Page:Mexico, California and Arizona - 1900.djvu/219
SAN JUAN, ORIZABA, AND CORDOBA REVISITED.
Some of the old churches take an added interest from their present fate. It would have been monotonous to have them all alike in full ceremonial, and now they are pathetic. I used to linger to hear the buglers practise in the cloistered church of Carmen, used as a barracks. It is stripped of everything, the pavement broken, the walls full of bullet-holes, and painted with the names of detachments, as 18° de Infanteria, 7° Compaña de Grenaderos, which have occupied it. In the smoke-stains, the damp,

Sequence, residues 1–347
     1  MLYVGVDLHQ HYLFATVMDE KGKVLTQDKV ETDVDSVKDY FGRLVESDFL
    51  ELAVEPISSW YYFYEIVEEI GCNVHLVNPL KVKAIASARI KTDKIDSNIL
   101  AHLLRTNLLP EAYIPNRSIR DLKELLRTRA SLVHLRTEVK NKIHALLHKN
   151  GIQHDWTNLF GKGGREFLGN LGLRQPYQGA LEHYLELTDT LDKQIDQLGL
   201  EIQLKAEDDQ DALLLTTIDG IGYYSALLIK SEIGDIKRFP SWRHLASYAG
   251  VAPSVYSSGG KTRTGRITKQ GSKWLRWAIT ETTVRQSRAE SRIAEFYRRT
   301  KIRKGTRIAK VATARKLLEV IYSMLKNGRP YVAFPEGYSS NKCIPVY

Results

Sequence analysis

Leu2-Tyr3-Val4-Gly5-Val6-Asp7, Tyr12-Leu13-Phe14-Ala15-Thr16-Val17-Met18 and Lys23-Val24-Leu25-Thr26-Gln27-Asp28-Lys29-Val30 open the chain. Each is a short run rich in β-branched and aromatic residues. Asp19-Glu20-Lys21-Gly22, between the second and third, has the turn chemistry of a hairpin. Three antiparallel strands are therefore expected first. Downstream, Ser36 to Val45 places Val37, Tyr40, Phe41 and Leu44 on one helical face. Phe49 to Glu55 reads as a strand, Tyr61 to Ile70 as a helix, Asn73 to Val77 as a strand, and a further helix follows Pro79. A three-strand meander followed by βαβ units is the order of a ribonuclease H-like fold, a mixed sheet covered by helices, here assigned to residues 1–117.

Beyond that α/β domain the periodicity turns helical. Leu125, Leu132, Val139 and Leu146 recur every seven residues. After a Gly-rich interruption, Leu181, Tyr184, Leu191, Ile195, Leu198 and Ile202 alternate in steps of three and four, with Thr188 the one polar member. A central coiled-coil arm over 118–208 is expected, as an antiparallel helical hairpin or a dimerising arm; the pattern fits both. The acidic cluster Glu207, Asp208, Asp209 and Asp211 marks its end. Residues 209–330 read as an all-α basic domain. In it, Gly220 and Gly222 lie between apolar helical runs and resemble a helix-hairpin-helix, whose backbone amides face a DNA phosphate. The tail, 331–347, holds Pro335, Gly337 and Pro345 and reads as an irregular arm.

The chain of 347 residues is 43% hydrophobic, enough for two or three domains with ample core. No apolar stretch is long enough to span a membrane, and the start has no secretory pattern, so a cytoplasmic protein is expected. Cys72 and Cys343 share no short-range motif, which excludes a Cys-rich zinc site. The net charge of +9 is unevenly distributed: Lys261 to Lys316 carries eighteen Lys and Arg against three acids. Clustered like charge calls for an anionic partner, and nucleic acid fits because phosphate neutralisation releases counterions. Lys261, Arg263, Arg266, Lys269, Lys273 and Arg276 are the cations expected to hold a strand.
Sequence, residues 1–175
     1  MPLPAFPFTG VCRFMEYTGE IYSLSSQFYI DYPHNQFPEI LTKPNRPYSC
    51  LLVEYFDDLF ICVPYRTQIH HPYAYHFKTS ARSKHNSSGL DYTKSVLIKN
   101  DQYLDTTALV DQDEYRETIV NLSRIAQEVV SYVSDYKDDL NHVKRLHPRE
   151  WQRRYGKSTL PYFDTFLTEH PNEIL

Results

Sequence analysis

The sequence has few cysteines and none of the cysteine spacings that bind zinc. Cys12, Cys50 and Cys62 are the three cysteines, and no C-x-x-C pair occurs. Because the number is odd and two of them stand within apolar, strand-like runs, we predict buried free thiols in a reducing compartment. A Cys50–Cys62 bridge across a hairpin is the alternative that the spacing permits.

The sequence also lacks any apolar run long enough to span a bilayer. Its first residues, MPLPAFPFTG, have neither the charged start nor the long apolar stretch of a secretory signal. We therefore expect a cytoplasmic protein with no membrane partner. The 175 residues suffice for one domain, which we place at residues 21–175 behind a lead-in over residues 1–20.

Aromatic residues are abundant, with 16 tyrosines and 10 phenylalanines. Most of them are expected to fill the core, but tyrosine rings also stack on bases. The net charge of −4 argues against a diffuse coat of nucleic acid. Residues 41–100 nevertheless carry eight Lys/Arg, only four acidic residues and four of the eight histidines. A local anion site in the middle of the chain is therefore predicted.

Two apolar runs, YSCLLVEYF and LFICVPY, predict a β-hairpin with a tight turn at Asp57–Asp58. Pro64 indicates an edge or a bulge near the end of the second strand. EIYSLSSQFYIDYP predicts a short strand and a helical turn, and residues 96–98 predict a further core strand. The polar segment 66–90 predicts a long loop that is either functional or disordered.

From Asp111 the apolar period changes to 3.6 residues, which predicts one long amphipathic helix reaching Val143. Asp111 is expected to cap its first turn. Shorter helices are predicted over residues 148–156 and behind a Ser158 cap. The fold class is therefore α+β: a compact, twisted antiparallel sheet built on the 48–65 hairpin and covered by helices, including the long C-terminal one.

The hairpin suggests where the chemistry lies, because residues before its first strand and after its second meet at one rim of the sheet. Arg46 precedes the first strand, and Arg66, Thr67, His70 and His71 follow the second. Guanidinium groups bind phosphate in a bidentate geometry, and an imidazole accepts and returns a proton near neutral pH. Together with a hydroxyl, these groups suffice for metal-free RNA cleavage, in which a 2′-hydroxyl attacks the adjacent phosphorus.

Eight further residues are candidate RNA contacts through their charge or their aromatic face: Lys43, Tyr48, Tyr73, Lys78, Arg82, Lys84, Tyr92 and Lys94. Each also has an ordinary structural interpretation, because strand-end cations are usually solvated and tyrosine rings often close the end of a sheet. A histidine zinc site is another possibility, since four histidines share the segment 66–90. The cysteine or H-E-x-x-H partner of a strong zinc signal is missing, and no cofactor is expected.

coco into which the Renaissance fell, in the luxury and florid invention of its later stages; but even where least defensible, from the point of view of logic and fitness, it redeemed now by its mouldering, its time-stains, and superposed layers of half-obliterated colors. Little can said, except in this way, for the carvings and various detail, but the masses are invariably of a grand and noble simplicity. The material is generally rubble-stone and cement, and cannot be very expensive. The principal lines of the style are horizontal. The dome, semi-circular in shape, plays a great part in it. I have counted not less than eight, like those of St. Mark's, at Venice, on a single church. The dome is built, if I mistake not, of rubble and cement also, on a centering of regular masonry, perhaps even of wood. It is a reminiscence of the Moors. These edifices were put up three hundred years ago, by builders in the flush of the Byzantine influence, which radiated from Granada, then lately conquered. I know of no school in which the niggling, petty, and expensive character of our own efforts in this line could be better corrected. Vamos! Will not some of our leisurely young architects with a taste for the picturesque travel here, with their sketch-books, and bring us back plans and suggestions from this impressive work, for use among ourselves?